Kenneth Vogt: we're not ready for it or or not real happy that it's there you know if you have a thought that I look ugly today that just comes to you I don't know where that's not a welcome thought I don't want to hear that you know, but on the other hand.

Kenneth Vogt: Maybe it's just a.

Kenneth Vogt: Nice not very politically correct way of saying you know you can do a little better dressing you're combing your hair or.

Kenneth Vogt: or getting a better shave today yeah hey there these thoughts can still be useful, even though they just show up like that, and we look at the well how did that happen Why did I take notice that today.

Kenneth Vogt: I need to pay more attention to my physical appearance well there could be all kinds of triggers for that, but these thoughts are not coming because.

Kenneth Vogt: I made the decision today to be more aware of my physical appearance and so, then, therefore, I had a thought to be more aware of my physical appearance, but.

Kenneth Vogt: it's not really how it works and that's not our experience and it's not not just one person's experience, this is the unique not and this isn't a unique experience, this is the common human experience that thoughts just drive.

Kenneth Vogt: Now I can feel some of you out there bristling at this because you've you've put a lot of.

Kenneth Vogt: Your a lot of importance find the fact that you have produced a lot of thinking.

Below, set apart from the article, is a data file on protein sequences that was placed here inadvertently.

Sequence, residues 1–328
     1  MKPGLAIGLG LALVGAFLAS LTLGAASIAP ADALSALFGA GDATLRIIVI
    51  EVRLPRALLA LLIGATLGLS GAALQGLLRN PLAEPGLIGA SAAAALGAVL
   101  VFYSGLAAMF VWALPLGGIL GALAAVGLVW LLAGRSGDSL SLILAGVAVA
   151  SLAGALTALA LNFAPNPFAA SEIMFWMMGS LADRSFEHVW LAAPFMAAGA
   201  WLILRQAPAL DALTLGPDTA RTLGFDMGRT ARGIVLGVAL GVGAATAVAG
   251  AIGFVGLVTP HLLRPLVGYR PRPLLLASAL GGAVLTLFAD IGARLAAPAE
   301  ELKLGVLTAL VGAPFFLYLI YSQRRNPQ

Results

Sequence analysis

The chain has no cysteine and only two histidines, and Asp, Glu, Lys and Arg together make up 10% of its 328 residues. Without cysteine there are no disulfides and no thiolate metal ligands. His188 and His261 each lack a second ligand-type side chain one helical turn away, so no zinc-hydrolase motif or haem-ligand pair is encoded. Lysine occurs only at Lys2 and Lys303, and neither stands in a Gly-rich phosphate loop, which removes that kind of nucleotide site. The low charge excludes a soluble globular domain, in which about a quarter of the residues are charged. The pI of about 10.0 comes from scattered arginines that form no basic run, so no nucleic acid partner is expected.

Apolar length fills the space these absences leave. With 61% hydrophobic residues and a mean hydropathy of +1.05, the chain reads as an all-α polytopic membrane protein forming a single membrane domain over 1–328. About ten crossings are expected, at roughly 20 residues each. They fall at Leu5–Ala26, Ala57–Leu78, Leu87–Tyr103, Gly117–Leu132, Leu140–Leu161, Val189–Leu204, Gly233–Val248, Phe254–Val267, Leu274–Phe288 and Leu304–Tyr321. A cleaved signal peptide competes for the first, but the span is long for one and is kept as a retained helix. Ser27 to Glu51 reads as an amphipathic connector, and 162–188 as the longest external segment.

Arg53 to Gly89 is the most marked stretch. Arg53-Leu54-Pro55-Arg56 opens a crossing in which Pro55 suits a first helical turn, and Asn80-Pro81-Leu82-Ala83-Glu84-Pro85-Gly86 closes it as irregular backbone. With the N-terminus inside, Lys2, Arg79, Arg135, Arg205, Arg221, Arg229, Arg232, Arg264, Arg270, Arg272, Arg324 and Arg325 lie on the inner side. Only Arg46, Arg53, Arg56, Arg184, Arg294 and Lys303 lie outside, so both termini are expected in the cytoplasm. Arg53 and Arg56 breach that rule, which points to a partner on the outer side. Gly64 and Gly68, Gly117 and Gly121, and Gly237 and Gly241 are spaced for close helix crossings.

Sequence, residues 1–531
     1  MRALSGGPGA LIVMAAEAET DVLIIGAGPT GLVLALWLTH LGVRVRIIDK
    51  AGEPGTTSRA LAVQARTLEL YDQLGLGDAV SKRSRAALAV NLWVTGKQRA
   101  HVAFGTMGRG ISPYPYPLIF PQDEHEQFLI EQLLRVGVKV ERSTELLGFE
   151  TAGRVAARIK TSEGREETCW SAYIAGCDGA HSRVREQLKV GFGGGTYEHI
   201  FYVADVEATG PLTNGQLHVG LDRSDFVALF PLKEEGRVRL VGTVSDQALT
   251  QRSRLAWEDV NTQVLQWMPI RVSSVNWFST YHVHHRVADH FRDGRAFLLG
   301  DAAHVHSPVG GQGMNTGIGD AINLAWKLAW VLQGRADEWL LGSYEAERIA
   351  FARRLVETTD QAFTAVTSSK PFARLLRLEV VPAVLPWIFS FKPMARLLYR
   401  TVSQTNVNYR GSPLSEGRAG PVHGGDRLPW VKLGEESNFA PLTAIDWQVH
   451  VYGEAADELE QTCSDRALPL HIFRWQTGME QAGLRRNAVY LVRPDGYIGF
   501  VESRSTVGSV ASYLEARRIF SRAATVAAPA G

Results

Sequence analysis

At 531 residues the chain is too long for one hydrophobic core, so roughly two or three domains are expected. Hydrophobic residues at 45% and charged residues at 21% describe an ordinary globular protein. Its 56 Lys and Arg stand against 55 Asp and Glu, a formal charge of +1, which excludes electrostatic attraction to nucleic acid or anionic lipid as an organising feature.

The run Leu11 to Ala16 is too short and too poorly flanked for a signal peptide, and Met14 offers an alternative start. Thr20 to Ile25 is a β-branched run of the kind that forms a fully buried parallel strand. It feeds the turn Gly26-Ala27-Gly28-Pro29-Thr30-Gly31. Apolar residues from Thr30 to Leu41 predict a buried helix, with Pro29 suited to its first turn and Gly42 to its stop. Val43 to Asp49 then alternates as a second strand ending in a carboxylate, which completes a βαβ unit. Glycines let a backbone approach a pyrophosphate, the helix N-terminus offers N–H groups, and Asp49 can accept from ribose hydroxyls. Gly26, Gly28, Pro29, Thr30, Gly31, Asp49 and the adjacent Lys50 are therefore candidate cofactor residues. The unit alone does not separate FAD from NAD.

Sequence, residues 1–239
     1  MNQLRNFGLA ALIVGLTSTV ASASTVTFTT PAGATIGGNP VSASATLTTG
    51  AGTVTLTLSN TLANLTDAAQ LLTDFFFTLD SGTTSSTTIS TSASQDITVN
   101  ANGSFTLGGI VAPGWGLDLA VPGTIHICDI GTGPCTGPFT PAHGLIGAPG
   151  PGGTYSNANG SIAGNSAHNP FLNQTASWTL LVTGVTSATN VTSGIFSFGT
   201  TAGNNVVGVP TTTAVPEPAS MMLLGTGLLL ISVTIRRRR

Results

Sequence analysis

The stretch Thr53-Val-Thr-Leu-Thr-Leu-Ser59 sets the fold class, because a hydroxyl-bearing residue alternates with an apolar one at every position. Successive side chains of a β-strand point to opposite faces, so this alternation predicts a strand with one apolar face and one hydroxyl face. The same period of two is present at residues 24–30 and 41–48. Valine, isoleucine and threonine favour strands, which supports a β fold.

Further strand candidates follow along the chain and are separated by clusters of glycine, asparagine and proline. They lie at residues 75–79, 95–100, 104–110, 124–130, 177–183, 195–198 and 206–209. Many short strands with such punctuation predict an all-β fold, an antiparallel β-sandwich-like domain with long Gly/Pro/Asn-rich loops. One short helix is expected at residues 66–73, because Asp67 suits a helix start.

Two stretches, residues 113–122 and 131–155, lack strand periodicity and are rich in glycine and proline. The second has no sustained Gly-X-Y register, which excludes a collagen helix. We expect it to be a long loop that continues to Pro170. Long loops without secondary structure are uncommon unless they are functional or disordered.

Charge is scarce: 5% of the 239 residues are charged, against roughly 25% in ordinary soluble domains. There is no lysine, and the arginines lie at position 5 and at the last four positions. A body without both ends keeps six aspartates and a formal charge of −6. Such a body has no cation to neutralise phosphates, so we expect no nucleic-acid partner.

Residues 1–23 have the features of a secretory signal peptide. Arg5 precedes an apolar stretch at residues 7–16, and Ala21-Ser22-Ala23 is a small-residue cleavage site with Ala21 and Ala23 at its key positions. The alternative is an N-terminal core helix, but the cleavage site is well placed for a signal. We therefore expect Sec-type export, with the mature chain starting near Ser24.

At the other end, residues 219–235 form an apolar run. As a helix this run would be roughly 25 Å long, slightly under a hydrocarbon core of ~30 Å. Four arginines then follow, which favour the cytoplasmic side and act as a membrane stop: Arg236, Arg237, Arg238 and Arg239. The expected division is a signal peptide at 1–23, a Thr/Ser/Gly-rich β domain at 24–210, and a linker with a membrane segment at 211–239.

Kenneth Vogt: And and it's been very important in your life and, in fact, you can point to some cheap skins on the wall that prove that you are the originator of your thoughts, but I want to I want a positive to you that they don't prove that then So if you don't believe me let's do a little experiment.

Kenneth Vogt: i'm going to say something and then I want you to create a thought in response so you're ready.

Kenneth Vogt: you're ready Nick okay.

Kenneth Vogt: Two plus two equals.

Kenneth Vogt: Four you had a thought, and it was for right.

Nick Oswald: I didn't think.

Kenneth Vogt: Well sure.

Kenneth Vogt: But okay did he what process did you use to create the thought for.

Nick Oswald: None that just appeared.

Kenneth Vogt: It just appeared now why, why is that why, for, and why not, why not, and possibly for some of you the answer came to you in another language.

Kenneth Vogt: Because you know that'd be more familiar language you, but it was still good but I, I will be willing to bet that it was still translatable into the English word for.

Kenneth Vogt: Well, because you know, two plus two equals four, this is information you already have you might think, well, I just pulled that out of my memory banks like did you really though was there some filing system that you've that you rifle through until you got to two plus two equals.

Kenneth Vogt: Did you have to really do any looking around to find that answer it's like no, it was right there and and frankly that kind of thing happens to you all the time.

Kenneth Vogt: You get asked questions to which there are ready answers and they just produce themselves now sometimes they're ready answers like this one's like man, I learned that in first grade or even before.